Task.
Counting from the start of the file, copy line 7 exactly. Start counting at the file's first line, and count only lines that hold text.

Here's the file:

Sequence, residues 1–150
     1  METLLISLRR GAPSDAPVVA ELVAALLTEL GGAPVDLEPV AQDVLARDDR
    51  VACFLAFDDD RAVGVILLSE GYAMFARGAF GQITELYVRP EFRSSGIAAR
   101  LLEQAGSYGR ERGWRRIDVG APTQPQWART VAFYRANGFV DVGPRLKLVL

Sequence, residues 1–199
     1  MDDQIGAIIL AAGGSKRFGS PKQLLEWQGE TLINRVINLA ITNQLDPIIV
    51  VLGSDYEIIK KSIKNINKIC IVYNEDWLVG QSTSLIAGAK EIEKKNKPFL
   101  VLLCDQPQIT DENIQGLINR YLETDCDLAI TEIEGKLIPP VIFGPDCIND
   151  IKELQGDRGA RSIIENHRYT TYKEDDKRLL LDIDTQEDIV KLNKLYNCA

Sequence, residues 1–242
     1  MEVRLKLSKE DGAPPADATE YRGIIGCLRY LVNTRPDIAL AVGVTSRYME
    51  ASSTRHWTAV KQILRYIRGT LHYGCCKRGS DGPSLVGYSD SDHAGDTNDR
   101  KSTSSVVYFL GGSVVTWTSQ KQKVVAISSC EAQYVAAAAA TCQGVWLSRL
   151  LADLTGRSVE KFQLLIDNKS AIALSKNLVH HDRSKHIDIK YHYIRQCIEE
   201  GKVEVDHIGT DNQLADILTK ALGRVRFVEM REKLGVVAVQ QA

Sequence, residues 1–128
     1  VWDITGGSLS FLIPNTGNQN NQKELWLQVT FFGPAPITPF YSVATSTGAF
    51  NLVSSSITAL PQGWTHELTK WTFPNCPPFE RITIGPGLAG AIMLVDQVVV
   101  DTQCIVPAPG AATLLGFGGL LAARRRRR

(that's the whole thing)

    51  VLGSDYEIIK KSIKNINKIC IVYNEDWLVG QSTSLIAGAK EIEKKNKPFL